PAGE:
And now dear readers, I offer you a chance to win a book!  The first book in Robert Dugoni’s David Sloane series, The Jury Master, could be yours!  Just leave a comment below, or head to Reddit and comment in this thread in /r/books.  If you do both, I will count you in for two entries!  I will draw one person at random in one week (on Wednesday, November 6th), and I will contact you for your details.  And then you will have the first book in this thrilling series!

I will congratulate the winner in next week’s post.  And if you don’t win this time, I’m planning on doing more of these, so you’ll have more chances with other great books.  🙂

Next up: Surrey International Writers’ Conference Idol: Crushing Hopes and Dreams in front of Hundreds of People for Fun and Profit!  (j/k it was actually really useful, interesting, and fun!).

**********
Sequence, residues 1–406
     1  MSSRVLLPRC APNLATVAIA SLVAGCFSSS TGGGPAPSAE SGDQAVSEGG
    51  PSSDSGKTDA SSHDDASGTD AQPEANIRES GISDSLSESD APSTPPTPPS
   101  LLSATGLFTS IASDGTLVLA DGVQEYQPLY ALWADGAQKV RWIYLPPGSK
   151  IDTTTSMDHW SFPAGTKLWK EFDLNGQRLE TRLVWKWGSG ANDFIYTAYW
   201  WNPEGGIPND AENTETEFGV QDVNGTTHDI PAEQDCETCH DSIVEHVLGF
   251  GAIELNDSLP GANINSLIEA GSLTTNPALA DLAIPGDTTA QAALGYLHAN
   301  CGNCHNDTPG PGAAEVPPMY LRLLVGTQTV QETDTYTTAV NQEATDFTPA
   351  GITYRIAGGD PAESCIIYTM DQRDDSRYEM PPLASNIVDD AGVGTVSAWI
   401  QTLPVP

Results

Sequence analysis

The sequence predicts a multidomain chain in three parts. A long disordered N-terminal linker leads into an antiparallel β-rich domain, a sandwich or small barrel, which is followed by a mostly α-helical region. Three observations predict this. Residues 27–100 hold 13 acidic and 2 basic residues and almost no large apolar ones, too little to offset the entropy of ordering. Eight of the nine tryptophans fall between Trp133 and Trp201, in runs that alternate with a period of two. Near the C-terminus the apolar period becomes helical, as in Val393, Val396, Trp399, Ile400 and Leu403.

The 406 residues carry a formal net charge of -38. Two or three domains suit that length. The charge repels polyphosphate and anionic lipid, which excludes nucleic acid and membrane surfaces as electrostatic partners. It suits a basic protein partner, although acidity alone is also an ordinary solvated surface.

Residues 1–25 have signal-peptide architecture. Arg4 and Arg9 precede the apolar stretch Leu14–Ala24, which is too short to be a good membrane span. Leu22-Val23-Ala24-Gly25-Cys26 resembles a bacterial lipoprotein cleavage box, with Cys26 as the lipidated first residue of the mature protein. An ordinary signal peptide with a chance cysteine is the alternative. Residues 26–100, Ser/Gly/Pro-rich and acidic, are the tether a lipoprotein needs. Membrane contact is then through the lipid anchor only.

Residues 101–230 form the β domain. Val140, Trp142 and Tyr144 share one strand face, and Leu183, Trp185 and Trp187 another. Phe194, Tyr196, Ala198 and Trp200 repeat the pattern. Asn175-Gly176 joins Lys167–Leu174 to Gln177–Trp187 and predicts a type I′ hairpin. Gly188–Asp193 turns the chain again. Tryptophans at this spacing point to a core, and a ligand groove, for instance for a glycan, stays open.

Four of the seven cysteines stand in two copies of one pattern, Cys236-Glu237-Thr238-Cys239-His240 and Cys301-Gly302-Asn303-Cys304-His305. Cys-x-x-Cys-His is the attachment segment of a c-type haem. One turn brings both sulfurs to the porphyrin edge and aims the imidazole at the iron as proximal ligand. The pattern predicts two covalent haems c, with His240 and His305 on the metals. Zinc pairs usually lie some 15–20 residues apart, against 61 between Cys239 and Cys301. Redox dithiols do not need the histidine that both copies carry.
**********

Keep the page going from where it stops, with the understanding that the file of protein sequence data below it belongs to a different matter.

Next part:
Thanks for reading.

Heidi out.

PAX 2013: Top 10, and the Record Speed Bureaucracy that Got Me There

Well hello there!

Been a while.  It’s been a little slow going on the writing front; sometimes it’s a slog, and you just have to muscle through it.  ._.

I just got back from PAX!  Penny Arcade Expo is a huge gaming convention in Seattle, and this year it went from Friday August 30th to Monday September 2nd.  Four days of wicked awesome gaming fun with my best friends, and 80,000 other people.

We had an 8 bed room at a hostel.  I made a nest up on the top bunk by the window, and it was excellent.

But I’m getting ahead of myself…

This is perhaps the most clutch example of bureaucracy I will ever recount.  I still cannot believe it happened.  Truly, I am in the luckiest timeline.